The distinctions between synthetic progestins and progesterone is more clear than between different estrogens. Natural progesterone has been studied and shown to have fewer adverse effects on the cardiovascular system than do synthetic progestins such as MPA. Specifically, natural progesterone lowers HDL significantly less than MPA, is less atherogenic, and does not cause coronary artery spasm, whereas MPA does. In perhaps the most compelling study to date, done in France, transdermal bioidentical estradiol plus oral micronized progesterone was not associated with an increased risk of breast cancer, whereas transdermal estradiol with progestins did increase the risk.
Bioidentical estradiol may not be without concerns for the cardiovascular system and breast. However, again, bioidentical estradiol is typically used in lower doses because we combine it with the weaker estrogen, estriol. Although in its research infancy, estriol has been shown to show some ability to act as an antiestrogen in the breast and to show no significant impact on the cardiovascular system.
Further considerations of a bioidentical hormone approach and a more holistic approach to menopause would be to use the hormones in combination with other strategies that are known to reduce the risk of breast cancer and heart disease. For example, soy, flaxseeds, cabbage-family foods, and supplements such as indole-3 carbinole and DIM can alter the metabolism of estrogens and break them down to their less carcinogenic end-products. Breast-cancer and heart-disease prevention diets and lifestyle issues can also be emphasized along with a consideration of nutritional and botanical supplements such as vitamins E and C, carotenes, soy, coenzyme Q10, green tea, garlic, and others.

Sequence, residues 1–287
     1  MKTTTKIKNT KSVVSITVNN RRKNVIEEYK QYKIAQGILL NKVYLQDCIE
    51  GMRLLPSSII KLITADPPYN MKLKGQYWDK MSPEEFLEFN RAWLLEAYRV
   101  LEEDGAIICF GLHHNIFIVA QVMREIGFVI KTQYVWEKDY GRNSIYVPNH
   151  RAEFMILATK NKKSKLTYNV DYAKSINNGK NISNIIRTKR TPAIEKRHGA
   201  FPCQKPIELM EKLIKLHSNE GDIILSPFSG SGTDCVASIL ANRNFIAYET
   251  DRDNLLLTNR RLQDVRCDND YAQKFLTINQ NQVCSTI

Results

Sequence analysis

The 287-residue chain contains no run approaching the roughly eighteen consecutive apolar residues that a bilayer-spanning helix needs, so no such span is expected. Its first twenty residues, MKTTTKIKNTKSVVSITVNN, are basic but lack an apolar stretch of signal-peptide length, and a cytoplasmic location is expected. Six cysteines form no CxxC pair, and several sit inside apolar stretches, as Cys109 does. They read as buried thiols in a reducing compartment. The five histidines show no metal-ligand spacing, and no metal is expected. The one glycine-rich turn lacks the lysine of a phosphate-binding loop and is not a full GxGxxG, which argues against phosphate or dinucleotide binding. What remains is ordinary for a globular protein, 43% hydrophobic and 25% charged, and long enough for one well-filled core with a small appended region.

Using a nature-based philosophy of medicine, common sense, logic, over 21 years of clinical experience, and a small amount of research, I have concluded that bioidentical hormones are the best way to meet my objectives when hormone therapy is needed: help my patients feel better, give the lowest dose possible to meet the desired clinical effects, use medicines in the safest form known, and give women options and the education to help them choose for themselves.
It should also be stated that practitioners who are prescribing bioidentical hormones should not be naïve or blindly assume that bioidentical hormones are without risks while making the accusation that all other hormones are dangerous. The scientific research is just not available to support this kind of perspective. Practitioners must be encouraged to reevaluate their patient's hormone regimen on a regular basis (yearly, at minimum) to establish the lowest dose to achieve the benefits and minimize any risks. Regular, at least annual, consideration also should be given to the duration of use on an individual basis.
It is also important to remember that many women will not need, or want, hormone therapy, even bioidentical HT. Herbal and nutritional supplements may be all that is necessary or wanted. Studies on black cohosh, red clover, soy, bioflavonoids, kava, and proprietary combination formulas have all shown proven scientific efficacy in menopausal symptoms, although, admittedly, these results are not consistent or sufficient. Many women will only require these nonhormonal supplements for their symptom relief and never need any kind of hormone therapy. Other women may be able to lower their dose of HT while using them in combination with the herbal and nutritional supplements.
I offer a few other thoughts to keep in mind:
Great spirits have always encountered violent opposition from mediocre minds.
– Albert Einstein
Science is the search for truth – it is not a game in which one tries to beat his opponent, to do harm to others.
– Linus Pauling
Do no harm.
Dr. Tori Hudson graduated from the National College of Naturopathic Medicine (NCNM) in 1984 and has served the college in many capacities over the last 25 years. She is currently a clinical professor at NCNM and Bastyr University, has been in practice for 25 years, is the medical director of the clinic A Woman's Time in Portland, Oregon, and director of research and development for Vitanica, a supplement company for women. She is also a nationally recognized author, speaker, educator, researcher, and clinician.
Tori Hudson, ND
2067 NW Lovejoy St.
Portland, OR 97209 USA